The CEO of Total Europe Patrick Pouyanne has told a French Senate commission that Europe needs an independent carbon market regulator with clear objectives rather than the current scenario which has unnecessarily complicated the market in his view.
Pouyanne said the current EU market cannot work in the long term and take carbon prices to a level where they will encourage investments in less polluting energies.
Companies pay carbon levies under the European Emission Trading System (ETS), which charges more than 11,000 firms for each tonne of carbon dioxide they emit, but the system currently has a glut of around 1.7 billion permits, and prices under the scheme have plummeted from highs over EUR30 in 2008 to current levels around EUR6.
“It cannot work because there are lobbies and people who intervene and there is no mission. The only way to make this market work is to give it to someone with clear objectives to slowly increase the price and regulate quotas.”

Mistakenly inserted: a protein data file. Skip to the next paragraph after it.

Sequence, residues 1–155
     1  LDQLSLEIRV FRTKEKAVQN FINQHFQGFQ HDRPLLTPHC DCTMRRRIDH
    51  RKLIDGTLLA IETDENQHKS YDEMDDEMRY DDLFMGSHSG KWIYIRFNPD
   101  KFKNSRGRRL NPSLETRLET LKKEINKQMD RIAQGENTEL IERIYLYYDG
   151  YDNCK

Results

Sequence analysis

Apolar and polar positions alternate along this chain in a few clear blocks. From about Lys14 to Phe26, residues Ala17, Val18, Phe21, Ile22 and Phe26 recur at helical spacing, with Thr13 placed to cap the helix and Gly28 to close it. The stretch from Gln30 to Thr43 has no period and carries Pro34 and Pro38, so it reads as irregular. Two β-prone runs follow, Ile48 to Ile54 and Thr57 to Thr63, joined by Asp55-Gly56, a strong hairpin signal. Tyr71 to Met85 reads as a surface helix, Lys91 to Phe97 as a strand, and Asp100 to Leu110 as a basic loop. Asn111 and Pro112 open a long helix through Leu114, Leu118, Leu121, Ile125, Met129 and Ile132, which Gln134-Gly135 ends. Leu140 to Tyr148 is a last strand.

“To have a market, you need a regulator and a central bank. Today it is an unbelievable shouting match where everyone is yelling about want they want.”
“I think we should move towards an independent regulator or else the market will not emerge,” he said, adding that Europe needed a progressive carbon tax that will enable the emergence of gas-fired power plants over coal.
Pouyanne cited Germany where reforms have led to a resurgence of coal-fired power plants because of cheaper coal, while gas-fired plants have been eliminated.
“From a climate change perspective, we end up with an absurd energy mix,” he said, adding that a carbon price of about EUR30-40 per tonne would enable the switch from coal-fired power plants to gas and encourage companies to invest in carbon capture and storage research.
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